Mary Walsh-Martel, previous owner of the Magical Child toy store on Main Street in Greenfield, which was recently sold to Jessica Mullins, owner of the World Eye Bookshop, also on Main Street. Recorder Staff/Matt Burkhartt
Recorder Staff/Paul FranzJessica Mullins, World Eye Bookstore owner, in the Main Street store.
World Eye Bookstore owner Jessica Mullins outside her Main Street store. Recorder/Paul Franz
Tuesday, March 01, 2016
GREENFIELD — Members of the community who thought they’d have to go without a local, independent toy store in town after the Magical Child closed its doors two weeks ago are in for a pleasant surprise.
The business was sold this week, and the new owner is a face that will be familiar to many on Main Street. World Eye Bookshop owner Jessica Mullins purchased the store last-minute, taking former Magical Child owner Mary Walsh-Martel up on the bottom-line, low price she was offering to sell the business for in order to avoid liquidation and closure. Walsh-Martel had been trying to sell Magical Child for months without success, and closed its doors Feb. 5 for what she thought would be the last time.
Mullins said the idea of buying the toy store had been in the back of her mind since she heard Walsh-Martel was selling, but didn’t become a real possibility until she heard other potential sales fell through and the business would close for good.
“Then it became, ‘This is real, OK, decide,’” Mullins said.
She is tentatively planning to reopen March 1 and will keep the store’s name. Aside from ordering new products, adding larger sizes to the store’s children’s clothing consignment business and hiring two new employees, Mullins said things will pretty much stay the same.
“I don’t want empty stores downtown and it’s really important to me to have variety and choice,” she said. “There isn’t going to be tons of money pouring in or anything, but I’m really hopeful that the downtown is going to survive. It will be nice to have a couple more jobs going, different things happening on Main Street.”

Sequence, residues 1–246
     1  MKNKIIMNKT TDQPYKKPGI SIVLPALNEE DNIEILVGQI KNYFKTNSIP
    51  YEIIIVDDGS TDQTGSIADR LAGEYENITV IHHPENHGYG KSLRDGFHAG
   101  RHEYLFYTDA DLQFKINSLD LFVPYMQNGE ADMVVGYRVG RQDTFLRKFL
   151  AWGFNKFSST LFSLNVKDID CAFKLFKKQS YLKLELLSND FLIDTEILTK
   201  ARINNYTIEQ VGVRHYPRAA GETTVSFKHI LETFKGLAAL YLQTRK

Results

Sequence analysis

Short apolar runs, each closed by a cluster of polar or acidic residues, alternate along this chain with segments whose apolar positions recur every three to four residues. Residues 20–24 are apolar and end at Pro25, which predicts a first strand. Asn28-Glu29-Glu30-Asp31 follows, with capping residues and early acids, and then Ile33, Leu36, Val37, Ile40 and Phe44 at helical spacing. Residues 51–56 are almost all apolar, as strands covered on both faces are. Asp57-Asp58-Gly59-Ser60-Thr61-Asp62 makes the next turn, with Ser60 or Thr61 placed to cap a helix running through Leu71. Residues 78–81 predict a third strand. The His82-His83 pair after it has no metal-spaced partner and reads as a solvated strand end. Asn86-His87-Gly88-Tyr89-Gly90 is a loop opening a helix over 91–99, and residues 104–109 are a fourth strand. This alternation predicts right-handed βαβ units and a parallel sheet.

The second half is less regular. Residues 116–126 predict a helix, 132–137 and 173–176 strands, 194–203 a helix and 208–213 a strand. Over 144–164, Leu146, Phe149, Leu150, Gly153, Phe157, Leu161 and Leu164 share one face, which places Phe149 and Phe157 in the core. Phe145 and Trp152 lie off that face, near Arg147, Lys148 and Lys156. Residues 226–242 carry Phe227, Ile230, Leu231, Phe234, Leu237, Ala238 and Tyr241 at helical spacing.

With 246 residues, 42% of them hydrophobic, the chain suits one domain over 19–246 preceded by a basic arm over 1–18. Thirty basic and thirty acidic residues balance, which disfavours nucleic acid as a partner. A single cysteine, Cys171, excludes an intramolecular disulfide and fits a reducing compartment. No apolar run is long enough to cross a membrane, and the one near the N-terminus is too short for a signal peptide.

Mullins added World Eye, which held a week-long campaign last May to sell $15,000 worth of merchandise to keep from going out of business, is still in a tough situation.
“World Eye is still struggling every day to stay open and it’s an uphill battle and we’re all working really hard to keep it open,” she said. “I feel like we can do that with Magical Child, too, and kind of spread out the risk and spread out the overhead costs.”
Payroll taxes and insurance costs will be spread out between the two stores, she said.
Mullins added World Eye is working on very small profit margins because its two main products — books and cards — are pre-priced, so she can’t change markups of have big sales on those items.
“We’re in a better position than we were last May but some of the things that happen in the book industry are completely out of my control,” she said. “As long as I don’t put World Eye in jeopardy, then I feel like it’s worth the risk.”
Walsh-Martel said she’s excited about the sale and thinks Mullins will do a great job as the new owner.
“Bottom line for me is I’m thrilled it’s going to stay open,” she said. “I was ready to move on, but really didn’t want to see it close.”
Mullins said it’s important to her to preserve stores like Magical Child and World Eye, which people have been coming to for years.
“There are certain stores that have spoken to people and their kids have grown up here and we’ve watched the next generation going in here, and that’s what we have to save,” she said. “When we have people come in from other towns, they’re amazed by our downtown. They come in and they can feel that.”
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